They are still going to be working with the same operational support teams that they have been.
There are no resource-duplication or allocation issues?
There really is not. This is a growth[-based] strate- gic play. It’s not about efficiencies or cost cuttings. It really is about how do we combine and acceler- ate our growth. So, our only plans are to grow and add staff and add capability.
What are some of the new products, services, and capabilities that you will offer? We’ve got some exciting things that we want to bring to market in good order. Maritz has three primary platform companies — Maritz Research, Maritz Motivation Solutions, and Maritz Travel — plus a company that is a combination of all these in Canada, called Maritz Canada. The founda- tion of this company has been built on really understanding human behavior. The motivation company and the travel company are all about employee recognition, reward, and incentive. So, you can imagine the possibilities we have in that
— [understanding] the psychology [behind] what truly motivates individuals. We have proprietary tools and patented research mechanisms and travel insights that really help us help our custom- ers better understand their business events. And how, through really innovative experiential design, we can positively impact the delivery of those events now and in the future.
What do you see as your biggest challenges? The amazing thing about this acquisition is that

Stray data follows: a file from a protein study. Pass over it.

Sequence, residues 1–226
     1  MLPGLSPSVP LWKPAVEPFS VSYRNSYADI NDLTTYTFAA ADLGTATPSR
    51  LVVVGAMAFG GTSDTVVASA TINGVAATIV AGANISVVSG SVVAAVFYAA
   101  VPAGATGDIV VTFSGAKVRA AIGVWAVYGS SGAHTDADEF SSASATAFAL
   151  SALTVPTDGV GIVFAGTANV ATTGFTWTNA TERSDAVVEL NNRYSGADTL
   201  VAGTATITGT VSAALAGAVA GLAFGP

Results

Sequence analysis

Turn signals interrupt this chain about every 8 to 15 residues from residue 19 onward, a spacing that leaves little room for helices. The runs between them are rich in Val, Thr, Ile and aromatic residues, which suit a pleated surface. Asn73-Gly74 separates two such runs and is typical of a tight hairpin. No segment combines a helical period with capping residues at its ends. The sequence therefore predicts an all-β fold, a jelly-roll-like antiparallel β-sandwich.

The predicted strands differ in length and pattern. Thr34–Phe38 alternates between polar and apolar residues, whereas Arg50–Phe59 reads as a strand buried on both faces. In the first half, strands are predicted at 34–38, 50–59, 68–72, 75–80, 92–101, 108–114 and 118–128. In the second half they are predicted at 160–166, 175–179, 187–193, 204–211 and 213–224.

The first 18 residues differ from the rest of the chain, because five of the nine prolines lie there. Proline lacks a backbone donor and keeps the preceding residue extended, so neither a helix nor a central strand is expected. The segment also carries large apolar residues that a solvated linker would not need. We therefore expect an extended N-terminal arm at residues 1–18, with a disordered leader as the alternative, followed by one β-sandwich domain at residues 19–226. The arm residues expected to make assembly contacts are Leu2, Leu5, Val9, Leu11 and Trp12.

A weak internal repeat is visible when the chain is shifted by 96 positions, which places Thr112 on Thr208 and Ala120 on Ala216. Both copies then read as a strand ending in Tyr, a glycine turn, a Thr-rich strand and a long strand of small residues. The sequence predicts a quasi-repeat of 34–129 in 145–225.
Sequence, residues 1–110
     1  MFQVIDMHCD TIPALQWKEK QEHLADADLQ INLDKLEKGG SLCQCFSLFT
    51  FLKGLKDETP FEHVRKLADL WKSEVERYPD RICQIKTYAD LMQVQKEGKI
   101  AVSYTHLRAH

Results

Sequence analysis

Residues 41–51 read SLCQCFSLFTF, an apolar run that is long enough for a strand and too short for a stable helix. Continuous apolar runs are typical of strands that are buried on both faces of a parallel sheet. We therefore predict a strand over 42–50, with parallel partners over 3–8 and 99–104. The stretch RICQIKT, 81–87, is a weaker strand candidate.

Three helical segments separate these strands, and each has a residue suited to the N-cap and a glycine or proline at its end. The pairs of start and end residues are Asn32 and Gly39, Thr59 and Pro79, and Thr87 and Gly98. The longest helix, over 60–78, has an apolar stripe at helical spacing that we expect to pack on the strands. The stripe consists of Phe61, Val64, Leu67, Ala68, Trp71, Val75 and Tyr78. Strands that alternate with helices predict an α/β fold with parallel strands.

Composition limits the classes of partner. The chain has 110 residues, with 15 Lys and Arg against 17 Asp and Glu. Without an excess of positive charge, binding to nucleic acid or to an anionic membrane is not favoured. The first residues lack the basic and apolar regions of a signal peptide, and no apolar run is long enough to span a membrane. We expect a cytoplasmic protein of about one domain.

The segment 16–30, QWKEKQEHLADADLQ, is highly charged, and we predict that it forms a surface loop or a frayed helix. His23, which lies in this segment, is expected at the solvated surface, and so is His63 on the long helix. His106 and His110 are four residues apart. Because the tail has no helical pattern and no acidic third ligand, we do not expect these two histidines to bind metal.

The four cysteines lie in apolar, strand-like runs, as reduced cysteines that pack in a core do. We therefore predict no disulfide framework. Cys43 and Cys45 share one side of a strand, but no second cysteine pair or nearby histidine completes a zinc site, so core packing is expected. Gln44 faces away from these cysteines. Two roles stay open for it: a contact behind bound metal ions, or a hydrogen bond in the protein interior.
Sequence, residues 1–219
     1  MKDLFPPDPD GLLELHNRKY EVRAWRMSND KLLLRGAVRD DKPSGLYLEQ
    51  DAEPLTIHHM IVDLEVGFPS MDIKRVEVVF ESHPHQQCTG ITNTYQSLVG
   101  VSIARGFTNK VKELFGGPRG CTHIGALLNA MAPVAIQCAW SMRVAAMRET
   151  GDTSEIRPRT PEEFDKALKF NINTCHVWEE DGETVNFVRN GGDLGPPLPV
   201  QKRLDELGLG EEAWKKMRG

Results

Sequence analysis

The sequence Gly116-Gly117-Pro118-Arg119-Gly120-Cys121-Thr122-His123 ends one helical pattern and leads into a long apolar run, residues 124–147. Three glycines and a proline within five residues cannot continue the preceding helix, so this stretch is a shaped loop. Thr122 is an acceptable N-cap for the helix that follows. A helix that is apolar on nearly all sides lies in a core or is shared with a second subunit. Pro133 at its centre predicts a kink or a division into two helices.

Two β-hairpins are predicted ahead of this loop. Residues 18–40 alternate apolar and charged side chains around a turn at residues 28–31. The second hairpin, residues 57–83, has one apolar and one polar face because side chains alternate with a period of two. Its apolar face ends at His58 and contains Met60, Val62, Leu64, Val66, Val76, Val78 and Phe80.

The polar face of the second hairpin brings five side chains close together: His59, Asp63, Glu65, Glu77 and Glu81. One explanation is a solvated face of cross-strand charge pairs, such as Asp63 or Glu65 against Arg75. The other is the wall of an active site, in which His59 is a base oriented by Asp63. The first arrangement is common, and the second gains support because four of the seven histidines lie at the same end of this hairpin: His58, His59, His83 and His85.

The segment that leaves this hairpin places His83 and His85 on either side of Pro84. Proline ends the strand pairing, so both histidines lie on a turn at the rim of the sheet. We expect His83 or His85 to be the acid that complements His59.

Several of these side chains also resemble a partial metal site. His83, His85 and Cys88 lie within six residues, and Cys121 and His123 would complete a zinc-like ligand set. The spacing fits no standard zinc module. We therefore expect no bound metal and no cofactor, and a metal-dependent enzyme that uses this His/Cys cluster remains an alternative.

… the culture of these two companies is almost perfectly aligned. Then, because we’re operating [Experient] as a wholly owned subsidiary … we can leverage our combined resources. I would really turn that [question around to]
the overall challenges that the industry is facing, which is the continued scrutiny of — I will say D.C., for lack of a better term. The GSA [controversy] reminded us how fragile we are, how we need to still pull together all of our resources as an indus- try and make sure that everyone understands the power of face-to-face meetings. One of the reasons why we made this move is to make us more stable and make us more diverse — so we are better pre- pared in the future than we were.
. —Michelle Russell 20 PCMA CONVENE JUNE 2012 PCMA.ORG
Quebec Division of the Canadian Cancer Society’s 19th Annual Daffodil Ball Seven-hundred guests walked through a rabbit-hole entryway to find Montreal’s Windsor Station transformed into an Alice in Wonderland–themed space. The black-tie gala on April 26 raised $1.67 million for the nonprofit. Around 30,000 daffodils — the symbol of the Canadian Cancer Society — added to the magical event, designed by Alison Silcoff Events (alisonsilcoff.com). For more information, visit cancer.ca/quebec.aspx.